"The economic freedom is the freedom which really matters the most"

The economic situation in the USA has been quite unusual ever since the beginning of the financial crisis. June 2008 predictions for the GDP growth were oscillating somewhere between 3.8% and 5.0% but never really came true. The reason for the poor economic performance of the USA, according to Senator Phil Gramm, a keynote speaker duirng a lecture co-organized by CASE, FOR and American Studies Center, University of Warsaw, was fourfold: high tax rates, too much regulation, large public debt and a lack of efficiency. read more » about "The economic freedom is the freedom which really matters the most"

EU cooperation with non-member neighboring countries: the principle of variable geometry

Since the beginning of its existence, the European Union (EU) has been trying to build close economic and political relations with non-member countries. A variety of legal forms has been used, as the EU has always been flexible in offering or accepting the exact cooperation model, trying to adjust itself to the specific needs, constraints and sovereignty concerns of individual partners. The organization has never pushed any country to join its structures or sign association or free trade agreements. The EU’s experience in building a complex and flexible net of economic and political relations with non-member countries can serve as a good lesson and example to follow by other regional integration blocs that face the problem of shaping their external relations with countries that are interested in close cooperation but not membership in a given bloc. read more » about EU cooperation with non-member neighboring countries: the principle of variable geometry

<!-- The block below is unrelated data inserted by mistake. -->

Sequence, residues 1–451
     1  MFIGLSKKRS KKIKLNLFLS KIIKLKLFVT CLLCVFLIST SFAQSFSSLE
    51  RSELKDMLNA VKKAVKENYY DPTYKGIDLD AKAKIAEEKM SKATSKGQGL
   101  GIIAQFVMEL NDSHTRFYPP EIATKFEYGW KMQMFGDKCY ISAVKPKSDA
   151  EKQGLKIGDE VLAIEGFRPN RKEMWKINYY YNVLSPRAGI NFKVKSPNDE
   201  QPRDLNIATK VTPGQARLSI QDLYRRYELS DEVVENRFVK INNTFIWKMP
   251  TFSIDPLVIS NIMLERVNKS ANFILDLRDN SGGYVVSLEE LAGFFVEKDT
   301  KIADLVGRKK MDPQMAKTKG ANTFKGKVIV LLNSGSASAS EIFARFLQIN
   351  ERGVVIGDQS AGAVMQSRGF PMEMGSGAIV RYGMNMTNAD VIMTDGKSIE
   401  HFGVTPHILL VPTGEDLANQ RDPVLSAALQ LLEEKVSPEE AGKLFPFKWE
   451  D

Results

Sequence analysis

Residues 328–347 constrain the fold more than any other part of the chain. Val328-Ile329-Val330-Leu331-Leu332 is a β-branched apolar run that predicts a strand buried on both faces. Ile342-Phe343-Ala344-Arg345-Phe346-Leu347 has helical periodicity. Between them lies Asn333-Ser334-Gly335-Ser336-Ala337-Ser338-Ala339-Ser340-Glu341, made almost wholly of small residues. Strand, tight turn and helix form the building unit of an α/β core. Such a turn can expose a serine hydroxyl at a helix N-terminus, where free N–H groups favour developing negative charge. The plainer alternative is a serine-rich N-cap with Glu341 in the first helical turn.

The Polish Transition in a Comparative Perspective

Since the Central and Eastern European countries began their transition reforms toward democracy and free market economy, Poland’s experience has stood out as extraordinarily successful when compared to other countries in the region, especially considering its problems inherited from the previous system. Over the past 20 years, Poland’s GDP has doubled and it showed remarkable resilience in the face of the 2008 financial crisis. In the presentation delivered during 133rd mBank – CASE Seminar, professor Ander Aslund focused on the political reforms and institutional factors that provided for the success of the Polish transition. He discussed the main features of the Balcerowicz Plan, and some of the major points of criticisms directed against it. read more » about The Polish Transition in a Comparative Perspective

The effects of unconventional monetary policy: what do central banks not include in their models?

In 2009, for the first time since the end of World War II, the world economy shrank. This resulted from the economic downturn in highly developed countries and surprised most economists. According to the IMF forecast published in spring 2008, GDP growth in these countries was expected to accelerate from 1.3% in 2008 to 3.8%. In fact, the growth rate was 0.1% in 2008 and minus 3.7% in 2009 (White, 2012). Another surprise was the subsequent poor performance rates reported by the major economies, i.e. the United States and the Eurozone. Five years after the acute phase of the global financial crisis their growth rates have not returned to pre-crisis levels. read more » about The effects of unconventional monetary policy: what do central banks not include in their models?